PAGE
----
There’s no such thing as I can’t. On the other hand, I don’t want to is something entirely different.
Mr Sexy Pants (MSP) is a canoe instructor. Last year he took me to Canoe Club, where he was planning to teach me how to capsize. Canoe Club is held at the swimming pool of a local school. I remember it was in the middle of winter and it was flipping freezing. Luckily the swimming pool was well heated.
As I sat there in the canoe waiting to learn how to capsize, I became increasingly nervous. MSP was proudly introducing me to the other canoe instructors.
“Have you met my girlfriend Sam?” I loved that he seemed so proud of me. “I’m teaching her to capsize” he said.
I grinned nervously and told them how nervous I was. In my head I was saying to myself “I can’t do it, I can’t do it, I can’t do it,” over and over again. Then it struck me! I remembered a presentation I’d recently been to about the power of positive thinking by coach and therapist Linda Barbour. I changed my script to “I am strong and brave, I am strong and brave, I am strong and brave”. Suddenly I felt able to do it. The nerves will still there but it became manageable.
Fast forward a few months and MSP took me to Winter Camp with the scouts. Note to reader, Winter Camp is much better than it sounds. It was indoors. The building was centrally heated. We had a room to ourselves. It was a family camp, so the parents took responsibility for their “little darlings” as MSP calls them. In the evenings we played cards and board games, ate cheese and drank port.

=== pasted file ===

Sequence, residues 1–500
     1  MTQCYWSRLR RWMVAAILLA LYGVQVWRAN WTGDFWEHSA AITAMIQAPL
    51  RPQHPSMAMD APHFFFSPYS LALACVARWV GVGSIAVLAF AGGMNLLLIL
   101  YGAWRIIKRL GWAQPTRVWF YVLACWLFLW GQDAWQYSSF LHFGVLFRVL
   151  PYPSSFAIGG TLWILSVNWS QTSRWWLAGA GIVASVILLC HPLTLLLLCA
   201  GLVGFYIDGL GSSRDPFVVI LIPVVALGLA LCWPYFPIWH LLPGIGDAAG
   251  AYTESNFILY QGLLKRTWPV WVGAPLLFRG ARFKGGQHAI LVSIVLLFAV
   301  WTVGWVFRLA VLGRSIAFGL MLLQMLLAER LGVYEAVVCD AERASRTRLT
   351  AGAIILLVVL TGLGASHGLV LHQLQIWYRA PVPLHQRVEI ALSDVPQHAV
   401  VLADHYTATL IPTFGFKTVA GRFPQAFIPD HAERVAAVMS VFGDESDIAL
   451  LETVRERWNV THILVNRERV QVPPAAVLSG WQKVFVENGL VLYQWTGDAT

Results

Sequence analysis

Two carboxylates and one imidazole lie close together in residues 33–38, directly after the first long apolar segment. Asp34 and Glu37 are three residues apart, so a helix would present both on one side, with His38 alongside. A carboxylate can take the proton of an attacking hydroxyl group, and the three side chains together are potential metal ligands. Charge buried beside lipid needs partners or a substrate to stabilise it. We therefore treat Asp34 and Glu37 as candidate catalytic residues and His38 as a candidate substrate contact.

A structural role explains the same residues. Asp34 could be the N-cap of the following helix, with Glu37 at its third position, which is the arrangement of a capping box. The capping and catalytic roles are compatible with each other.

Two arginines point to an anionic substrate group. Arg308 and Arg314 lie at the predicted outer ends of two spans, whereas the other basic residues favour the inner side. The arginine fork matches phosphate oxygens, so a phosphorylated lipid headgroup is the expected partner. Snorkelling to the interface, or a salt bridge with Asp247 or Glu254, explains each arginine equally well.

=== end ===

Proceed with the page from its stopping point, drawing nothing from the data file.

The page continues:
One of the activities was abseiling. Surprising to all, especially me, I had once managed to abseil in my youth. I was keen to have another go. As I waited for my turn I was quite scared, so I kept repeating, “I am strong and brave, I am strong and brave”.
As I went over my legs were shaking and I was really scared. It wasn’t as easy as I remembered. “How the heck do I keep my feet on the wall?” I thought to myself, as I scrambled back up.
“I can’t do it, I can’t do it.”
“You can do it,” they all cried in unison. “Have another go.”
“I probably can,” I thought, “but do you know what? I don’t want to.” A lightbulb went off. A Eureka moment. Once I told them I didn’t want to they all left me alone.